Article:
Chinese hardware and the UK’s cybersecurity
The Intelligence and Security Committee’s assessment of how Chinese hardware ended up at the heart of the UK’s communications network makes for worrying reading. But like so many cybersecurity reports, it lacks hard evidence that anything’s actually gone wrong.
In 2003 when BT wanted to upgrade its network, it chose Huawei among others. Ministers were only told about this after the contract had been signed, and for three years it seems Huawei’s kit was handling chunks of our critical infrastructure with no-one really asking any questions.
As today’s ISC report states: “Its equipment permeates the UK’s fixed and mobile telecommunications infrastructure.”
And now it turns out the body tasked with keeping an eye on Huawei is paid for by… Huawei.
Why the concern about the company? It doesn’t help that it was set up by a former People’s Liberation Army officer, and that the US has said the risks of involving the company in American critical systems “could undermine core US national security interests”.
Huawei vehemently denies any connection with the Chinese state. It says it is a highly reputable international company which supplies many governments in many countries, and that it receives no financial support from the Chinese Government.
During the years Huawei’s routers have been humming away in the background in the UK, the security of communications has risen in importance. More and more of our critical stuff – from food logistics to the energy network – relies on lightning-fast communication. The extreme scenario is that in a conflict any access to these critical aspects of life could be exploited as part of a “cyberwar”. But at the more realistic end of the debate is the worry that everyday information is gradually leaking away to our competitors, draining our national economic ability.
As government got up to speed on these risks, its solution was to set up the Cyber Security Evaluation Centre, or “The Cell” (someone’s watched too many episodes of Spooks). This group of technical and security staff is run by a former deputy director from the government’s surveillance agency GCHQ, and oversees software updates on Huawei’s UK equipment.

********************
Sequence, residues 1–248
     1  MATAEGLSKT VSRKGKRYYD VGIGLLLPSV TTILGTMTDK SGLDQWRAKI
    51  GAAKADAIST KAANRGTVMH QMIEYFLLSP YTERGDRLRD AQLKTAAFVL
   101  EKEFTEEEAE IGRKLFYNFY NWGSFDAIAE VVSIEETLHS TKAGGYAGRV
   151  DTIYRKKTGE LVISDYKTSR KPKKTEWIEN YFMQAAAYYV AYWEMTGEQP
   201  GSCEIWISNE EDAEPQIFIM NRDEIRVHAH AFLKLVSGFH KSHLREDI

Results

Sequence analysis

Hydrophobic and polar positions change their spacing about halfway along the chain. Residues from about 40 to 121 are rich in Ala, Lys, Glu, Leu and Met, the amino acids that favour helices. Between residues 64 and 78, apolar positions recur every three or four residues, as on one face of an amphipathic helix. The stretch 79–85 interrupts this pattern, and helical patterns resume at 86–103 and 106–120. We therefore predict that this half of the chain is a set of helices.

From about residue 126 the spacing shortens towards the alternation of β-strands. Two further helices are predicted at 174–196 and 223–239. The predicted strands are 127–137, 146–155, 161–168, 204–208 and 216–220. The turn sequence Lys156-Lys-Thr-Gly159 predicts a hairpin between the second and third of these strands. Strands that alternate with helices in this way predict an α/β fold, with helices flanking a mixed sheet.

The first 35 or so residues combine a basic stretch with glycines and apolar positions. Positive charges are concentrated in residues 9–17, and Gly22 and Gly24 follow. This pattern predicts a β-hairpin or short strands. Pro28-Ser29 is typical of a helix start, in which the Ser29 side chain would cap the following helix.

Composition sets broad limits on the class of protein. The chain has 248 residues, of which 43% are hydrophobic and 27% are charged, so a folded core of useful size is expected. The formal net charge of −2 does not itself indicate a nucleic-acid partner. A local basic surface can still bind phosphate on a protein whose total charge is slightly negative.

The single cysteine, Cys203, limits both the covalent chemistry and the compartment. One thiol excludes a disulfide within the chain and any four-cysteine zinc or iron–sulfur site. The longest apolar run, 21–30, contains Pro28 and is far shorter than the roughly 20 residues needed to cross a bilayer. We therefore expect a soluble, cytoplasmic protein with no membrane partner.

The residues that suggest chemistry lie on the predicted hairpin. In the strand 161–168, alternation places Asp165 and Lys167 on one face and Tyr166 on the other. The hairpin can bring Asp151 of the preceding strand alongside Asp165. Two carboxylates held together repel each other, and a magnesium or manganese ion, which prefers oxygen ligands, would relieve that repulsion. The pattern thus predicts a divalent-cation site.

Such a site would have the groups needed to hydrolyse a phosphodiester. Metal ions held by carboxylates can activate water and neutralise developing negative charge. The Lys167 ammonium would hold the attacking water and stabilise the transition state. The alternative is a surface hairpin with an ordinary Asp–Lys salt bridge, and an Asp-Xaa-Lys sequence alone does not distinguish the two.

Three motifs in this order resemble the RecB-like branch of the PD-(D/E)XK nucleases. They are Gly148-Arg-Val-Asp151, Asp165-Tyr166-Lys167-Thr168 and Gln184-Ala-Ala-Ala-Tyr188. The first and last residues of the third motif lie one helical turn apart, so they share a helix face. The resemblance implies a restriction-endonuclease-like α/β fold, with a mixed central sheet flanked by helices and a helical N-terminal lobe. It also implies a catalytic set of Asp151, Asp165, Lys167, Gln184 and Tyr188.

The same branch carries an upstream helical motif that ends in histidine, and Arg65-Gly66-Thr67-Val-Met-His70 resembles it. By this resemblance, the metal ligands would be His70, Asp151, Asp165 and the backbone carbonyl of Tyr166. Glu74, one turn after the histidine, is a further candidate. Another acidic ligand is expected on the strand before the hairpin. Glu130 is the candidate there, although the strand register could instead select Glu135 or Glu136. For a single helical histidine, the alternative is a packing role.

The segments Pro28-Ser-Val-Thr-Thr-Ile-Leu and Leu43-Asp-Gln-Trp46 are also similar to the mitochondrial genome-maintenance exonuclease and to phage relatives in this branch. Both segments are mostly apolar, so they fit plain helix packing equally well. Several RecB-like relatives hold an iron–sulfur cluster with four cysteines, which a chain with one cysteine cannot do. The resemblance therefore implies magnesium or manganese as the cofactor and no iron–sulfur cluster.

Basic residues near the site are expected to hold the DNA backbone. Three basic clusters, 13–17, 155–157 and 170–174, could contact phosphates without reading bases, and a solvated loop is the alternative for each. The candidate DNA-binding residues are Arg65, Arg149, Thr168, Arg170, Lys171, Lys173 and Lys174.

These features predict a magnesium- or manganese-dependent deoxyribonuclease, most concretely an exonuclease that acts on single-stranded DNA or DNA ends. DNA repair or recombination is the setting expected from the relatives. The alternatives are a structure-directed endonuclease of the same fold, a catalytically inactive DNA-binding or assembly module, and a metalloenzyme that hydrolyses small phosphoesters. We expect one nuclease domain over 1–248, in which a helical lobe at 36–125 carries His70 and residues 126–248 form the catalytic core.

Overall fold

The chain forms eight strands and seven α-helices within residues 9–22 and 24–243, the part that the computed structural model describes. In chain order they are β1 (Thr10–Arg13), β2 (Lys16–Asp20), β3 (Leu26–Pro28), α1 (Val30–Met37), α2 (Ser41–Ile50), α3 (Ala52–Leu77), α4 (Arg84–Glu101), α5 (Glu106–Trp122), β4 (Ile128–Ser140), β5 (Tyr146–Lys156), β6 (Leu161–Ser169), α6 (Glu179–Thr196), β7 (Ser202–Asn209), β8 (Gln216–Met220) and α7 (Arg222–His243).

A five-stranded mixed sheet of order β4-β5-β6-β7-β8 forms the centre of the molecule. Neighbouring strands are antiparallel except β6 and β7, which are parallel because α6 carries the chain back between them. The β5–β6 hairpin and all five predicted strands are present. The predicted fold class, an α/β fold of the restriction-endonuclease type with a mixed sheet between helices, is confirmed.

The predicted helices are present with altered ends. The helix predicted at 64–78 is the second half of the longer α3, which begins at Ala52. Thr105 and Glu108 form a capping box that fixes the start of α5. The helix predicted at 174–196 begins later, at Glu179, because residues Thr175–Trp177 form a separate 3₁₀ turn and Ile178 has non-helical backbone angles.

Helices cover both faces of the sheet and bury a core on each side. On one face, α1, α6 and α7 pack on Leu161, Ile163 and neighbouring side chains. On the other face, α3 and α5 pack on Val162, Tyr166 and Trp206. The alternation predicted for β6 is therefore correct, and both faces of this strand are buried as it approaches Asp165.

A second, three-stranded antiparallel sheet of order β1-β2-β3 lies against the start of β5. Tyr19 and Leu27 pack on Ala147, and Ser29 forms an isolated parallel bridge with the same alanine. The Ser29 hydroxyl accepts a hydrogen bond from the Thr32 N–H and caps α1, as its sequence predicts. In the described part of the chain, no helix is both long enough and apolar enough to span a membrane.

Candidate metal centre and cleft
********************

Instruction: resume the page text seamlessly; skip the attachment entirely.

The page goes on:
The problems are: the cell is funded by Huawei; it’s currently operating at “reduced capacity”; and as GCHQ points out, there are more than a million lines of computer code in BT’s network and “it is just impossible to go through that much code and be absolutely confident you have found everything”.
The ISC report states: “The Security Service had already told us in early 2008 that, theoretically, the Chinese State may be able to exploit any vulnerabilities in Huawei’s equipment in order to gain some access to the BT network, which would provide them with an attractive espionage opportunity.”
The key word there is “theoretically”, and it cuts to the heart of the problem with today’s report. If the intelligence services are so worried about Huawei, they have had six years to analyse the kit and code for the hard evidence to substantiate their concerns. If they’d found something solid, would they really be leaving it to the ISC to issue a circumspect report warning of theoretical risks?
Surely if there is hard evidence that Huawei’s equipment is spiriting vital data abroad, BT can terminate the contract, pull Huawei’s routers out and replace them?
Perhaps the intelligence services have no hard evidence against Huawei, in which case today’s report starts to look like innuendo. In the long run that will actually make action on Huawei less likely. Many information security people I speak to are adamant China is leading the way on “state sponsored hacking”, but the more unsubstantiated reports there are, the more China will be able to argue it is the target of a baseless whispering campaign.
There is a deeper issue here, of which the government’s struggle with Huawei is only one symptom – the growth of the internet has accelerated privatisation and globalisation; this has taken control over key aspects of our lives out of the hands of our Government. If it wants to wrest control back, it’s going to have to come up with better stuff than today’s report.
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